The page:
Education, taxes, housing, immigration, politics, and other issues that affect the people of New Jersey

A few days after the United States Senate confirmed the appointment of an avowed enemy of public education–Betsy DeVos–to be the nation’s education secretary, advocates of public education held a conference in New Brunswick to search for some reason for hope. The meeting’s organizers, including members and staff of such pro-public education groups as the Education Law Center and Save Our Schools, depicted the election later this year of a new governor to replace Chris Christie as an opportunity–as, indeed, it is.

Christie, after all, shares DeVos’s views of a privately operated but publicly funded system  of education and was one of  a handful of governors to endorse her appointment by President Donald Trump. He called her choice “inspired.”

What was not inspirational, however, was the response of the New Jersey advocates–good, right-thinking people all, with whom I have little argument. Except one–why can’t they be as aggressive in promoting a system of free, inclusive, integrated, fully-funded independent public schools as Trump is in destroying it?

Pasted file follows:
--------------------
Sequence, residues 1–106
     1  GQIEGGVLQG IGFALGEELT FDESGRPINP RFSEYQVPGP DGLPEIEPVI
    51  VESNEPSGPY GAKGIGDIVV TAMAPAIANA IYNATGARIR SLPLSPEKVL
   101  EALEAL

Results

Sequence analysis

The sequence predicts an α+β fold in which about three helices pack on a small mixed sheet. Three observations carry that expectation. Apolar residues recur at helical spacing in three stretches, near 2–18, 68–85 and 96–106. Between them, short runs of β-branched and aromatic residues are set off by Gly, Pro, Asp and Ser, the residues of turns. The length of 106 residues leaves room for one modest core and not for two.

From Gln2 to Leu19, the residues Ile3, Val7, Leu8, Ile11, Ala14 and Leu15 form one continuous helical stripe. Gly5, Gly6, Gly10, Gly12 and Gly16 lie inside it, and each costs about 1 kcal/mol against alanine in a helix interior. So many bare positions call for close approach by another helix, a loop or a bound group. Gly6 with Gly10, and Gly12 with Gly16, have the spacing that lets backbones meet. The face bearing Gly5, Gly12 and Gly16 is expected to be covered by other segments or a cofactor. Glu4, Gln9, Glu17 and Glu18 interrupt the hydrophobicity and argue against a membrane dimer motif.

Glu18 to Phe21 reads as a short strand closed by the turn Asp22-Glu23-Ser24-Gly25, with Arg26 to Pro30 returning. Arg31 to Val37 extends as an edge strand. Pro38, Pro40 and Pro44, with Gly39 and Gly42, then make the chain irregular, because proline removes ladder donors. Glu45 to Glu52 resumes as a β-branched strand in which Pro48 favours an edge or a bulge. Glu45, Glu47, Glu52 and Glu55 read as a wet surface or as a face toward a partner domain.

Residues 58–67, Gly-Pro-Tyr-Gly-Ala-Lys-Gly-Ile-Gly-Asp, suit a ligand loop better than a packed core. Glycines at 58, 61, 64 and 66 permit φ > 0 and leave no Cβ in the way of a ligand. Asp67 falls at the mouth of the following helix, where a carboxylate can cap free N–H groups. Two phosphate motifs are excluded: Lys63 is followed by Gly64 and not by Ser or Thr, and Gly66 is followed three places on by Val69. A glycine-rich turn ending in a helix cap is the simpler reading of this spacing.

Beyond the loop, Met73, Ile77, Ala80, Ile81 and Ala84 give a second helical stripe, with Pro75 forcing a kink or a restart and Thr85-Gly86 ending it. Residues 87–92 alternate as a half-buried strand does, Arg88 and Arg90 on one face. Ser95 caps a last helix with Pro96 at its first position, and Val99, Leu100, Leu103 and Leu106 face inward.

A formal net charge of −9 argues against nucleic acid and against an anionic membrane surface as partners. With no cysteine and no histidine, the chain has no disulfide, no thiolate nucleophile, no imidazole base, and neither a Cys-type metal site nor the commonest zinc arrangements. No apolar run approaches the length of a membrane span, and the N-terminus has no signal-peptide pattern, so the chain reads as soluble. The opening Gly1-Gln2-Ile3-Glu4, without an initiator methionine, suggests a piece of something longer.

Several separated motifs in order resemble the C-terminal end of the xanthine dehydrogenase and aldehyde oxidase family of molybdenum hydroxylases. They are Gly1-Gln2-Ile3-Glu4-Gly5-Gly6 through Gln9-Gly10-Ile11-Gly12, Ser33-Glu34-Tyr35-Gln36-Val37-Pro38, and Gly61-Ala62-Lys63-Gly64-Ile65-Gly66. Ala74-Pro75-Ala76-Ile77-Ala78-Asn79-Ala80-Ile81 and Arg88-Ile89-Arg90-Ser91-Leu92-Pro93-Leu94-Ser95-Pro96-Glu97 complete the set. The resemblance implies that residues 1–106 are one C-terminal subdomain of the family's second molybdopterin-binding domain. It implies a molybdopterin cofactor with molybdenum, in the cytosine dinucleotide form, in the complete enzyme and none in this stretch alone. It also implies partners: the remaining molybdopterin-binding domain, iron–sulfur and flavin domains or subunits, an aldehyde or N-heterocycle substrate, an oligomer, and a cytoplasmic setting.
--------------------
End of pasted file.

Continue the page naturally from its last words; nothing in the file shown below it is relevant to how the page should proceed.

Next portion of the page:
The title of the conference was “New Jersey Education Policy Agenda for the Next Gubernatorial Administration.” I could not stay for afternoon sessions on testing and training, but I did listen to discussions of school funding, charters, governance, and accountability. I was disheartened by what I heard.

Part of the problem is that, among this group of advocates–and others, including the New Jersey Education Association (NJEA), the state’s largest teachers’ union–Phil Murphy is the heir apparent for what passes for progressivism in New Jersey politics.  Yet Murphy–like Jon Corzine, a Goldman-Sachs alumnus–has said virtually nothing about public education and his message is as inspiring and thought-provoking as a lecture on lawn mowing.

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